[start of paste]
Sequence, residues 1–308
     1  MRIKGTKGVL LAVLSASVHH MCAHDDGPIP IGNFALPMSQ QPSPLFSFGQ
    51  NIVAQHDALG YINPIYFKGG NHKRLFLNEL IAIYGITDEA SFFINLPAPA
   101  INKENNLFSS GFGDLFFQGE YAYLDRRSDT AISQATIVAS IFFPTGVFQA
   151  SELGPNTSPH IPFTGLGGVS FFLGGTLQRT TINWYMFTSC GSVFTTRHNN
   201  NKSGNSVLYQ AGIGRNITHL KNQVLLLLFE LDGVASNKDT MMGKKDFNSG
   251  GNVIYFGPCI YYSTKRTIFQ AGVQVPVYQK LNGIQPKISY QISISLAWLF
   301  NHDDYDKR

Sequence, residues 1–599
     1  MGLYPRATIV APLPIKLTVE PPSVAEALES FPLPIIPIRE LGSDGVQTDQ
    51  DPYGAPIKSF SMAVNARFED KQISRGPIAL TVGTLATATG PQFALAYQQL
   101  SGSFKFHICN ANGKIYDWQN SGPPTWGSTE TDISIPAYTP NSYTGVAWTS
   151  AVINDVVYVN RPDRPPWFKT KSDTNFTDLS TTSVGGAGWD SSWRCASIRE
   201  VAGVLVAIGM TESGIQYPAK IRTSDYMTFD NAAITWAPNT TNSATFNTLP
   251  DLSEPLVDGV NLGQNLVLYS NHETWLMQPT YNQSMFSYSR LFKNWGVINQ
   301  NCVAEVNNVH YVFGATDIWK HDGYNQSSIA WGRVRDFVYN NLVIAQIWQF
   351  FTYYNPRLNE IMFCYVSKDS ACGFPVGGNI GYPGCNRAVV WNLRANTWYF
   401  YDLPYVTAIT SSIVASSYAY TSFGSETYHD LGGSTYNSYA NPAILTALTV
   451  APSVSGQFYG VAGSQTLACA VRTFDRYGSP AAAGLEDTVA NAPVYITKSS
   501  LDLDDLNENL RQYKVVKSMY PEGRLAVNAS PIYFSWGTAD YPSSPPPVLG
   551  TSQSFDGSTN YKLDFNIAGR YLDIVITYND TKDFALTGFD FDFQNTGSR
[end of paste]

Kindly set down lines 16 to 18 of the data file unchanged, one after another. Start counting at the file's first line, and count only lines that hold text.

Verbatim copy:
   301  NCVAEVNNVH YVFGATDIWK HDGYNQSSIA WGRVRDFVYN NLVIAQIWQF
   351  FTYYNPRLNE IMFCYVSKDS ACGFPVGGNI GYPGCNRAVV WNLRANTWYF
   401  YDLPYVTAIT SSIVASSYAY TSFGSETYHD LGGSTYNSYA NPAILTALTV